Recap 7-24-12

Main Items:

  • US Markit US Preliminary PMI declined to 51.8 in July 52 exp and 52.5 prev.
  • FHFA Home price Index improved 0.8% MoM in May, and 3.7% YoY.
  • Yesterday Moody’s cut its outlook for Germany, the Netherlands and Luxembourg to negative from stable. “Moody’s now has negative outlooks on those Aaa-rated euro area sovereigns whose balance sheets are expected to bear the main financial burden of support — whether because of the need to expand the European Stability Mechanism (ESM) or the need to develop more ad hoc forms of liquidity support.”
  • A report in Spain’s El Economista newspaper claims the country is considering asking Europe for a full liquidity program if the ECB doesn’t revive the SMP and start buying Spanish government bonds.
  • UPS earned $1.15 per share versus $1.17 expected. They cut guidance to $4.50-$4.70 from $4.75-$5.00. The street is at $4.82.
  • POSCO said Chinese steel demand will bottom out in Q3 due to Beijing’s stimulus measures although any rebound would be weak – Reuters
  • The CBO said that paradoxically, the Supreme Court ruling on Obama care will lead the 3 million MORE uninsured by 2022 because it does not require states to follow it. –NYT

Overseas:

  • EU Composite PMI was stable at 46.4 in July as exp.
  • EU Mfg PMI declined to 44.1 in July vs 45.2 exp and 45.1 prev.
  • HSBC flash PMI in China increased to 49.5 vs 48.2 prev

Upcoming Data:

  • Wed: German IFO, UK GDP,
  • Thurs: US DGO, Jobless Claims, Pending Home Sales, Japan CPI
  • Fri: German CPI, US DGP, UMichigan Confidence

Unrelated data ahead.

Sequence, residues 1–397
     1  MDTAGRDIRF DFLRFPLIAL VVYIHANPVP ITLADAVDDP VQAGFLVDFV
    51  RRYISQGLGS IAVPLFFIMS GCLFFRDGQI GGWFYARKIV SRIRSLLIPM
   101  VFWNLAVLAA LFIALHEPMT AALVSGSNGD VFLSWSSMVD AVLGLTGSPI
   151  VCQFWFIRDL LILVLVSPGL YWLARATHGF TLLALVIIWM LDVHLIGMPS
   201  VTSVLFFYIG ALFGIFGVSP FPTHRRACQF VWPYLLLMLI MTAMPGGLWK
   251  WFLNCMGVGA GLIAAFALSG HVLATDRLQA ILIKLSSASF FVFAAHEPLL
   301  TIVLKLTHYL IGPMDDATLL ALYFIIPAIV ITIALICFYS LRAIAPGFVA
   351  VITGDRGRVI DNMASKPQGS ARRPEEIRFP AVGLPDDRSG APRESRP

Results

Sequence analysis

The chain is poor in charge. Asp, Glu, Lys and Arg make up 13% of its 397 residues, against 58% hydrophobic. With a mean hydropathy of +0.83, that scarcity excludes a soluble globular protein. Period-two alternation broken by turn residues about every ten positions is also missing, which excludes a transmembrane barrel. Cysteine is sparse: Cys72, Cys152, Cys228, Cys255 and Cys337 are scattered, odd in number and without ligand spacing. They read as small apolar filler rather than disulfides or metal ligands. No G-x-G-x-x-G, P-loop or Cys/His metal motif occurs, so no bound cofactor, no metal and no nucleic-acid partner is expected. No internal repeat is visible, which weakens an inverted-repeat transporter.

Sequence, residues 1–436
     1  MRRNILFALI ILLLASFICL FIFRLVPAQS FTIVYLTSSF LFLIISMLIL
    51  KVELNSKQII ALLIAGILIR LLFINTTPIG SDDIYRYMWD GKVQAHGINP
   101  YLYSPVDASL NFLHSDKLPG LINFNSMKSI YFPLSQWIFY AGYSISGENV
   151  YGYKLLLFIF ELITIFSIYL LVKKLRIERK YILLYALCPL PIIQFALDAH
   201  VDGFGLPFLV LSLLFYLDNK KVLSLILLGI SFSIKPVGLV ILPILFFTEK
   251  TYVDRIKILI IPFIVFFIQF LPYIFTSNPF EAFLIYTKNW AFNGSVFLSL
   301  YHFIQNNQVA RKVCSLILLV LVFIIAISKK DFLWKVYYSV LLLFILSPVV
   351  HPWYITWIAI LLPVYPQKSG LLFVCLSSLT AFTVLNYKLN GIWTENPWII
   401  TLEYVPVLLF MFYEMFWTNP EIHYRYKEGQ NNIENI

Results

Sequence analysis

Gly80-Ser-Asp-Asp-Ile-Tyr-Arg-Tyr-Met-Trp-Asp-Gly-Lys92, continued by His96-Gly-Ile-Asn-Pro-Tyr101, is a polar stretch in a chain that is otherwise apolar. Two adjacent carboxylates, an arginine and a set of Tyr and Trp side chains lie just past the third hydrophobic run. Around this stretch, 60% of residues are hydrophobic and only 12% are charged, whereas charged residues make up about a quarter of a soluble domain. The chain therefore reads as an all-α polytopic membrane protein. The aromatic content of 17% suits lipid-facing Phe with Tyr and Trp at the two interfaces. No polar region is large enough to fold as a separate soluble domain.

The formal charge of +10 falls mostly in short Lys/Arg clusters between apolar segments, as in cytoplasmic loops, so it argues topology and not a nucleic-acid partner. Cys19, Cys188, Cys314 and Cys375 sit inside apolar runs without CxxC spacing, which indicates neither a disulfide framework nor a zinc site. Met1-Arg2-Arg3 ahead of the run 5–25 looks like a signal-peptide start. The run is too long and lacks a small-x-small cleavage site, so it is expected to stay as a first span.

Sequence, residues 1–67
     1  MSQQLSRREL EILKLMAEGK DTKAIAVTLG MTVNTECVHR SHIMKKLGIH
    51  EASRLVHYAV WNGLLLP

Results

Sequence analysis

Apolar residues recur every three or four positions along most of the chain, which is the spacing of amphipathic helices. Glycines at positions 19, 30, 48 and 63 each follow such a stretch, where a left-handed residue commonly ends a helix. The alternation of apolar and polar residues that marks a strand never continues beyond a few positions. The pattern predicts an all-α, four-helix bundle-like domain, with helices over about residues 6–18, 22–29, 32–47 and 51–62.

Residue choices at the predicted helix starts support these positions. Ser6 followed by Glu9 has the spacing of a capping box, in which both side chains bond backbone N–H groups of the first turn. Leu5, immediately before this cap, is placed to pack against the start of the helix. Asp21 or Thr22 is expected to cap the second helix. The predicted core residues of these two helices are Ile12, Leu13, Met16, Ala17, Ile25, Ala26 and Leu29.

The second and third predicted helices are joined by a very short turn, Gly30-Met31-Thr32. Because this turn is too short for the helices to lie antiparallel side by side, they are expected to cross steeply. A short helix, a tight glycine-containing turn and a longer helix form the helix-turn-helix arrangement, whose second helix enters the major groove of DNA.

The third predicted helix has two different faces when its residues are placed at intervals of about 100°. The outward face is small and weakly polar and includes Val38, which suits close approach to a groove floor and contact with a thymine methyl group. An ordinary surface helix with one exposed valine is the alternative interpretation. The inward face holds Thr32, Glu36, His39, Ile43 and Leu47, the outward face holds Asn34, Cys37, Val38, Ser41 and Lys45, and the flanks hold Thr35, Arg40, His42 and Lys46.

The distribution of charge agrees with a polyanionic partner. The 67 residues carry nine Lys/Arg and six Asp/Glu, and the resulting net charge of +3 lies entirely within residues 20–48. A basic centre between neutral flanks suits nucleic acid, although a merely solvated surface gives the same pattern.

Commentary & Links:

EU Banks are able to source essentially unlimited liquidity from the ECB. As a result, Euribor futures and the Euribor-Eonia basis are not a good measure of market stress. Rather, the front end of EU sovereign yield curves, which do not have ECB support, is a better measure of that. And the view there is unnerving. It has already been noted that 2y Spanish yields breached 6% yesterday, the de facto level that historically has coincided with the closure of market access. But fairly quietly, 2y Italian bond yields rose 42bps today, to 5%, after rising 41bps yesterday and 37bps on Friday. Even French 2y bonds, which touched 5bp yield a week ago, has seen yields go up 10bps both today and yesterday. The most worrying thing, of course, is the rise in German yields. While 2yr and shorter German bonds so far have remained stable, 5yr bobl yields have increased 6.5bps since last week, at a time when the Eurostoxx 50 sold off almost -4%.

At this juncture, it’s unclear if the EFSF/ESM alone is sufficient to contain market stress. Usage of its finite resources to support Spain will inevitably result in additional pressure on Italy, and then France, since the market is well aware that a Euro for Spain is one less Euro available for Italy. Once again, it appears that the ECB will be called upon to save the day.

The next ECB meeting is on 8/2. It is apparent to many observers now that the biggest constraint in Europe isn’t liquidity, but capital. As a result, the only tools the ECB have remaining in its tool kit that are likely to be effective over the short term are the easing of collateral constraints along with a possible reactivation of the SMP.

The ECB will have to do something. If you think the ECB is committed making sure that Spain doesn’t default, going long short maturity EU fixed ahead of the meeting looks interesting.

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